Via Mininodes.

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Android 5.0 Lollipop SDK for Amlogic Processors and Image for MK808B Plus

February 3rd, 2015 3 comments

Amlogic has just released Android 5.0 SDK for Amlogic S805, S802, and S812 processors on their OpenLinux website, but before you get too excited, this is only available people who have signed an SLA with the company, or somehow got a username/password to their git server. Although most people can’t access the SDK, it still means that popular Amlogic S8xx devices are likely to be upgraded to Android 5.0 in the weeks or months ahead.

Amlogic_Android_LollipopThe company has not released any Android 5.0 SDK for older AML-8726M? processors however, so apart from WeTek Play, I would not expect any other Amlogic single or dual core devices to get a Lollipop treat.

If you own a MK808B Plus TV dongle, you don’t even need to wait, as WeTek ported Android 5.0, more exactly CyanogenMod 12, to the cheap HDMI TV Stick for evaluation, and since finally they don’t intend to design a device with Amlogic S805 processor, they released the image and instructions on XDA Developer Forums a few days ago.

This image is booting, and installing Google Mobile Services for the Play Store and other sertvice is easy, but a few things are not working yet:

  • Widevine DRM is broken
  • Some precompiled libraries for stagefright (OMX) don’t work anymore, including HD audio passthrough and HEVC libraries. But somehow HDMI pass-through still seems possible via SPMC/XBMC, and H.264/AVC is working just fine.

Christian Troy, the developer who released the image, also mentioned “these two bugs won’t be fixed until AMLogic releases an updated SDK for Lollipop, where they will include the working libraries”. So that could be a new image for the fresh Amlogic SDK could be released soon and fix most issues on MK808B Plus Lollipop port.

Thanks to Stanislav for the tip about the new SDK.

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Categories: AMLogic, Android Tags: Android, amlogic, lollipop, mk808, sdk, wetek

H88 HummingBird Development Board Powered by Allwinner A80 Comes with 4GB RAM, Built-in GPS, 4G LTE Support

February 2nd, 2015 12 comments

Merrii Technology is having some fun churning out Allwinner A80 development boards, and after A80 OptimusBoard, H8 Hummingbird, here comes H88 HummingBird. The new board is somewhat similar to H8, but is quite larger, and features 4GB RAM, built-in GPS, and a few other goodies.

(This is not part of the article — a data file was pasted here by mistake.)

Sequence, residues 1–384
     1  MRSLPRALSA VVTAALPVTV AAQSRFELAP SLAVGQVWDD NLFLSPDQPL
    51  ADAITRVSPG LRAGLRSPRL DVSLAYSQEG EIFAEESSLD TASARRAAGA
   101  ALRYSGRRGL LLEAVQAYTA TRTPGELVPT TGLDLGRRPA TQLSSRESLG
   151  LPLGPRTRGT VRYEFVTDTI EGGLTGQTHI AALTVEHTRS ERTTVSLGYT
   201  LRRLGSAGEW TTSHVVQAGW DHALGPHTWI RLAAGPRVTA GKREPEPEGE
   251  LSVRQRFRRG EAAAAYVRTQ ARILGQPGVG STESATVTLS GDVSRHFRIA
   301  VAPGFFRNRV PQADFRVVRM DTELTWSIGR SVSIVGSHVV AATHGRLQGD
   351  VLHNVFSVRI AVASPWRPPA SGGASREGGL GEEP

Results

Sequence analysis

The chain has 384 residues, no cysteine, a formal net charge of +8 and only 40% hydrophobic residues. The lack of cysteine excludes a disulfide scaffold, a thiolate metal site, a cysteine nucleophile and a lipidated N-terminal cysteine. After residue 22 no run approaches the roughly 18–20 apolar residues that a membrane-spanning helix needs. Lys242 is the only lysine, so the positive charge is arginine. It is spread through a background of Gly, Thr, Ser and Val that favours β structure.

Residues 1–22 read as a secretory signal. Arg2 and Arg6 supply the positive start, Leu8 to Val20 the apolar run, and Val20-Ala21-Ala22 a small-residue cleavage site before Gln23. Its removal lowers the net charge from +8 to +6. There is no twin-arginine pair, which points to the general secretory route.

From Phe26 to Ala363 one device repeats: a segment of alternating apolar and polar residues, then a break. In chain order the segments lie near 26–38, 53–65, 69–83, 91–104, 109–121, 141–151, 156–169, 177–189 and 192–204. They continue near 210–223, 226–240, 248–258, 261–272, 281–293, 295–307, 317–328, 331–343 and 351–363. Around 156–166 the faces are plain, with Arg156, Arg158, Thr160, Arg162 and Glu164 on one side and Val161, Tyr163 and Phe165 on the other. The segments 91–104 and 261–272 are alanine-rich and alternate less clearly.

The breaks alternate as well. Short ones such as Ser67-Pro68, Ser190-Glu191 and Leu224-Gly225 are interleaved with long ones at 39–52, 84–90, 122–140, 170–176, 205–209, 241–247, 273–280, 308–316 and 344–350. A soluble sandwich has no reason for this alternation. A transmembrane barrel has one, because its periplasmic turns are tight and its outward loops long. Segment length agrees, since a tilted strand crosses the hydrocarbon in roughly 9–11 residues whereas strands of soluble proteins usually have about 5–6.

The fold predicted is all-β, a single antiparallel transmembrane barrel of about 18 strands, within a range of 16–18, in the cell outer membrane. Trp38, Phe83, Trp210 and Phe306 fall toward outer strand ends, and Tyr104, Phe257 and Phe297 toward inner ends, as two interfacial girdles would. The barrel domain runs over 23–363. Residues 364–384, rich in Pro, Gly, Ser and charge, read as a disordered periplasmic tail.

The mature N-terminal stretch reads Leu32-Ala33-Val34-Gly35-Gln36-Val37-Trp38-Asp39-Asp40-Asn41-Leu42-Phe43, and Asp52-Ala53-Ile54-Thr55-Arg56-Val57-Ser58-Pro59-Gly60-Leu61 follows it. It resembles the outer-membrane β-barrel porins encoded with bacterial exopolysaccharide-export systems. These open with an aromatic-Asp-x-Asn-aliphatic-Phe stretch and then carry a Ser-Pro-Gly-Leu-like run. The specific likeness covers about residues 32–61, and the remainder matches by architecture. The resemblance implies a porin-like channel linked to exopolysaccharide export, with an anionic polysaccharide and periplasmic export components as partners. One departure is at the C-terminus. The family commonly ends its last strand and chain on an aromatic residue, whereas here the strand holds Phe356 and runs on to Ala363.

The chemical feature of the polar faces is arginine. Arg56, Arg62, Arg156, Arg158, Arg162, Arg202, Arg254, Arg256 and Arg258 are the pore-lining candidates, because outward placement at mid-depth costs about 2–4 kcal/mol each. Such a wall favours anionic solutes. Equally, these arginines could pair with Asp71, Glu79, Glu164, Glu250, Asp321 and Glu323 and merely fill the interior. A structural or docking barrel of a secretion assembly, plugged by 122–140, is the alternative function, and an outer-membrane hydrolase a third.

H88_HummingBirdH88 HummingBird specifications:

  • SoC – AllWinner A80 octa-core processor with 4x Cortex 15, 4x Cortex A7 cores in big.LITTLE configuration with Imagination Technologies PowerVR GC6230 GPU compliant with OpenGL ES 3.0/2.0/11, OpenCL 1.1, and DirectX 9.3
  • System Memory – 4GB DDR3
  • Storage – 8GB internal storage (Hynix H27UCG8T2BTRBC), micro SD slot up to 32 GB
  • Video Output/ Display Interfaces
    • HDMI 1.4 up to 4K UHD resolution
    • RGB/LVDS interface
    • EDP LCD + TP interface
    • MIPI LCD interface
    • VGA output
  • Audio – HDMI, headphone jack,LINE-IN,
  • Camera I/F – Parallel and MIPI CSI interface. Integrated 16MP camera
  • Connectivity – Gigabit Ethernet (Realtek RTL8211D/E), dual band Wi-Fi 802.11 b/g/n & Bluetooth 4.0, GPS with external antenna
  • USB – 1x USB 3.0 OTG, 2x USB 2.0 host ports
  • Debugging – UART, JTAG
  • Expansion
    • mini PCIe slot for 4G module
    • Header with access to GPIOs, ADC, HSIC, UART, SPI, I2C and Power Signals
  • Misc – IR receiver, reset and power LEDs, power switch, Reset, power and u-boot buttons, 6x ADC keys, RTC with battery
  • Power Supply – 12V via power barrel, battery, or 4V via USB OTG port; PMIC: AXP806 + AXP809 PMIC
  • Dimensions – 188 x 155 x 35 mm

H88_HummingBoard_3D_ViewThe company provides support for Android 4.4.2 and Linux 3.4 for the board, including source code. However, based on past experience, support is not that good, especially for non-Chinese speakers. You can find some more details including headers’ pinout on Merrii H88 Hummingbird page. There’s no price information, but it looks like the board might be used in A80 Pro development kit that sells for $1,300 on Aliexpress….

Thanks to mininodes for the tip.

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Vonets VM300 Wi-Fi & Ethernet IoT Board with Mediatek MT7620 Runs OpenWRT

January 23rd, 2015 2 comments

Mediatek MT760 is a recent Wi-Fi SoC found in some Nexx WT3020 routers, and WRTnode development board. Both run OpenWRT and costs $17 to $30 depending on the amount of flash, and ports with the former featuring two Ethernet ports, and the latter access to GPIOs. You could probably open the case of the Nexx routers and solder some wires to get access to GPIO, and you can hack an Ethernet cable for WRTnode, but another options could be Vonets WM300 kit that includes a board with Wi-Fi and Ethernet, a cable for USB / Ethernet connection, headers for GPIOs, and two external antennas for less than $30. An OpenWRT SDK is also provided for the kit.

Vonets_VM300Specifications listed for VM300 board:

  • Processor – Mediatek MT7260N MIPS processor @ 580MHz
  • Storage – 4MB SPI Flash (option: 8MB/16MB) for firmware
  • System Memory – 32MB or 64MB SDRAM
  • Connectivity
    • Wi-Fi
      • Single band 802.11 b/g/n 2T2R up to 300 Mbps with two external 2dB antenna.
      • Output power: 15dbm – 16.5dbm
      • Supports 1-14 Wi-Fi channels
      • Working modes – Routing, Bridge (also support AP Client and AP Station), Repeater
    • 10/100M Ethernet
    • 3G/4G supported via USB dongle (no USB port, but signal are available on headers)
    • Functions – Firewall, QoS, VPN
  • Expansion – Mini PCIe, 2x 6-pin and 8-pin headers with access to Ethernet signals, UART, USB host, 2x GPIO, reset signal, status signals